- Cost of eBooks. While bestsellers are $9.99 in both stores, when you look across all books, Kindle books are cheaper than Nook Books. Anyone who actually reads books would factor that in.
- Free Internet – You can check email, browse news, use twitter and do a lot of other things for free.
Business Insider took one of the Kindle biggest advantages i.e. more value for money, and turned it into a Nook advantage.
How can you turn a blind eye to Free Internet and cheaper ebook prices? It’s easy if you’ve never really bought kindle books and never checked the news from your kindle.
Romanticizing the Nook and Projecting Future Benefits on to it
While sites like NPR paint a very balanced picture, Wired and Business Insider and lots of other sites add flourishes to the Nook, including potential benefits in the distant future –
- Lending – Lots of talk of lending book to friends.
- Sharing – Sharing across devices – PC, iPhone, Mac, Blackberry.
- Android – How there could be games and apps and streaming music.
- WiFi – streaming content, VoIP. BI actually write –
Wi-Fi is a killer feature not for what it does right now, but for what it could allow the Nook to do in the future.
Again, let’s consider what these really are –
- Lending – This is the ‘killer feature’ of the Nook. To be able to lend an ebook once, for 14 days, and not having access to it while it’s lent. If people really consider this a killer feature that’s fine. However, please do mention the ‘lend once’ and 14 day limits.
- Support on iPhone, PC – Amazon added Kindle for PC and will add Kindle for Mac in a few months. It was an advantage – it isn’t any more.
- Android – Nook doesn’t even have a browser. However, sometime in the future, Android will enable some feature completely unrelated to reading and will destroy the Kindle. Beautiful.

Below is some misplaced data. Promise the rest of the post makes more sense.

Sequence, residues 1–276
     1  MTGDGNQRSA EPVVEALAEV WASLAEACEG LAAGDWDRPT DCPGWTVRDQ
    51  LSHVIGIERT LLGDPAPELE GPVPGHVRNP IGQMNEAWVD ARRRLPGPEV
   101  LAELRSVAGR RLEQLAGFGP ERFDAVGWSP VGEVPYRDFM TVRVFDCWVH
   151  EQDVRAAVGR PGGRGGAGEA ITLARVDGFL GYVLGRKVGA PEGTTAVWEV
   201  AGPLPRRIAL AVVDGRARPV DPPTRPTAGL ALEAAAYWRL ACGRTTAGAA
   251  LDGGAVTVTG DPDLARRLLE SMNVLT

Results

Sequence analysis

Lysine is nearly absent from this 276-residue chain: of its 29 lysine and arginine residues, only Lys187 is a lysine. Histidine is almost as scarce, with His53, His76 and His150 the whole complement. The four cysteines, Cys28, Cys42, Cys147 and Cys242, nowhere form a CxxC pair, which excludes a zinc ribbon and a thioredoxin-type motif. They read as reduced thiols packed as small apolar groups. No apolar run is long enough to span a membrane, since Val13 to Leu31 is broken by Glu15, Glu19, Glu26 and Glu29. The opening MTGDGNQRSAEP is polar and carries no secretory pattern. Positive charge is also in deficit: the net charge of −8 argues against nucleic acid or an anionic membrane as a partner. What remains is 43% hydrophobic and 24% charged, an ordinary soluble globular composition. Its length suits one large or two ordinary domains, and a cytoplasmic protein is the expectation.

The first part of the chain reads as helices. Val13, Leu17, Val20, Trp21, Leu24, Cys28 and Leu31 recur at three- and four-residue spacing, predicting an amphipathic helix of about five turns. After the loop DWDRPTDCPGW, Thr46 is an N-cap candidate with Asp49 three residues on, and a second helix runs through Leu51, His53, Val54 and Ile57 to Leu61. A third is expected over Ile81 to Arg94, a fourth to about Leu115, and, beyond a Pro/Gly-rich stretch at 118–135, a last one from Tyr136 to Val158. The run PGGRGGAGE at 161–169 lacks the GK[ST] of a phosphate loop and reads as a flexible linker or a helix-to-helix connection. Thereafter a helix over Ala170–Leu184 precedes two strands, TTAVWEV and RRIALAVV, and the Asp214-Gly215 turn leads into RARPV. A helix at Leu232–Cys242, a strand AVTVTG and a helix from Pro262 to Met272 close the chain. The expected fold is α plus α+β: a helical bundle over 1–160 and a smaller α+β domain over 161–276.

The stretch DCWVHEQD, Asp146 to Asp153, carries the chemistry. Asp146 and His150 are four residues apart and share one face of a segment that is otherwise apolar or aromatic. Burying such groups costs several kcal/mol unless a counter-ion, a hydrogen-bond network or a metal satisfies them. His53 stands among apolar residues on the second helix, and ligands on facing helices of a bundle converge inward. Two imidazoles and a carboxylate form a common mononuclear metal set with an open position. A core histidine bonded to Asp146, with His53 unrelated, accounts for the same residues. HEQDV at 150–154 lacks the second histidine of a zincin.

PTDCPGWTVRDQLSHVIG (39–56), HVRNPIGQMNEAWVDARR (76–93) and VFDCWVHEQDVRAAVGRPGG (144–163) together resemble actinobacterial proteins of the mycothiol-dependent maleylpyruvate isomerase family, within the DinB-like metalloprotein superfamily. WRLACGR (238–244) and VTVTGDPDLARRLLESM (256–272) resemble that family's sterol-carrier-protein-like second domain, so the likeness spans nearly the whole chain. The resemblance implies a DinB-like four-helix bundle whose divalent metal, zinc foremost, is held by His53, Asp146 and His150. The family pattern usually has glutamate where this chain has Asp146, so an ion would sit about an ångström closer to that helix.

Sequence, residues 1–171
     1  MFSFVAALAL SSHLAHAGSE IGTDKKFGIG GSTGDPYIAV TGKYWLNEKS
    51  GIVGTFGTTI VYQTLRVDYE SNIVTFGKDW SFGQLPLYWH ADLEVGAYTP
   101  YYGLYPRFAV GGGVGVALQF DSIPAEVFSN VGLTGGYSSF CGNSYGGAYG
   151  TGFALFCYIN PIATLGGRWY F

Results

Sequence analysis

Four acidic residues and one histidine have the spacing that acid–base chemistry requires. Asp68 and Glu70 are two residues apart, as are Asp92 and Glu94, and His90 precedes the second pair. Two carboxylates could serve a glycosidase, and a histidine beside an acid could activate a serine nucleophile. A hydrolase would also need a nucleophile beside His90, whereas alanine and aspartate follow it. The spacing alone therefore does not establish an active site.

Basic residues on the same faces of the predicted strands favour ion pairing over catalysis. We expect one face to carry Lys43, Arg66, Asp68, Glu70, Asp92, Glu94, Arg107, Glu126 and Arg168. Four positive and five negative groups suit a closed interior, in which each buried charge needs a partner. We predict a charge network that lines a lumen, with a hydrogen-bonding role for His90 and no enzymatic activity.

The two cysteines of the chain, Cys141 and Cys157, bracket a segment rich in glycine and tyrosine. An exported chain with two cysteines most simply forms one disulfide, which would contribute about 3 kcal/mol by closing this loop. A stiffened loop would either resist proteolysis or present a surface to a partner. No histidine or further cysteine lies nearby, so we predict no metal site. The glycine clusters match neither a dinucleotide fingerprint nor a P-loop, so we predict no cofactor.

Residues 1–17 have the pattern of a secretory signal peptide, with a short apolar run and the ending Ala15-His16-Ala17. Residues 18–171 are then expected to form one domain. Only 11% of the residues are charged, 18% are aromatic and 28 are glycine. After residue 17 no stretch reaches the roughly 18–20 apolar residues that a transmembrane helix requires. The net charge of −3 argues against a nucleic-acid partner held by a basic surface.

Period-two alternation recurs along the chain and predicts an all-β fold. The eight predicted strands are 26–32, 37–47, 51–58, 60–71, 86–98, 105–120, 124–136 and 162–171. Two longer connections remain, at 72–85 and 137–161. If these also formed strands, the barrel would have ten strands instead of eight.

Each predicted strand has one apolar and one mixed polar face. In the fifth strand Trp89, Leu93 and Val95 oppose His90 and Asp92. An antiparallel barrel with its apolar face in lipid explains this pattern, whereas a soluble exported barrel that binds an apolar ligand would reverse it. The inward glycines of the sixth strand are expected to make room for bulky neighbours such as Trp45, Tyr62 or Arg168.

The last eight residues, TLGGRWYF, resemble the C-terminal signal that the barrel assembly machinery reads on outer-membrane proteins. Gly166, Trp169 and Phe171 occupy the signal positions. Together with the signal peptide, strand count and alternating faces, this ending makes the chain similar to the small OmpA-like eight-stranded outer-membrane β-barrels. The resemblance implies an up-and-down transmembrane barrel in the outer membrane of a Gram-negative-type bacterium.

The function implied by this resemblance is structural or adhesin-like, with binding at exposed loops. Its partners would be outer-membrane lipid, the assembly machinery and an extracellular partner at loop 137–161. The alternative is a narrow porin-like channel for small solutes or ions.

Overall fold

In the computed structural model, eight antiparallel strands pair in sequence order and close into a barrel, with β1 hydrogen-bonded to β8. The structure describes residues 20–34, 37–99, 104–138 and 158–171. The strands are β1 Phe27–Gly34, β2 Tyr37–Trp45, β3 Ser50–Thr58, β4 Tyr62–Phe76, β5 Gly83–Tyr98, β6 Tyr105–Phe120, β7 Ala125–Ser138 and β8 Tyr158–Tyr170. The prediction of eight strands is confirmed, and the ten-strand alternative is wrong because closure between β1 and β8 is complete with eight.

- WiFi – Again, this is all about future this and some day that. They mention VoIP. At what point did we start discussing phones instead of eReaders?
BI expects people who read books to pick Nook over the Kindle because there’s a slight chance that, at some unknown future date, the Nook might support VoIP.
This is just excessively unrealistic wishful thinking.
Nook doesn’t have a browser, doesn’t have Free Internet Access like the Kindle, and yet suddenly it’ll start supporting streaming content and VoIP.
Being scared of Amazon and the Kindle
The Kindle is an illustration of a simple concept – Meet the needs of your customers.
All the best features of the Kindle revolve around reading.
- Focus on reading.
- Add-on features for improving the reading experience.
- Ease of Use.
- Convenience of buying books.
It’s a device that helps make reading better – in lots of big and small ways.
This really annoys the press, especially the technical bloggers, because
- They can’t imagine focusing on reading at the expense of cool things like games and color touchscreens.
- To make things worse Amazon does continuous, incremental improvements (the underlying kaizen philosophy) rather than hit home runs.
The Kindle might be the anti-iPhone. Even worse, the Kindle might be the anti-Googlephone.
It really scares journalists and technical bloggers because it sacrifices supposedly critical features –
- Catering to the people who despise DRM.
- Catering to the people who don’t understand competition and want the #1 company in a space to help its competitors.
All for some meaningless thing called reading which no one ever does anymore.
No one reads – Steve Jobs and Sergey Brin couldn’t be wrong.
The journalists are right and the Kindle is bound to fail – the only times we read any more are when we read emails, read blogs, read news sites, read for work, and read for school.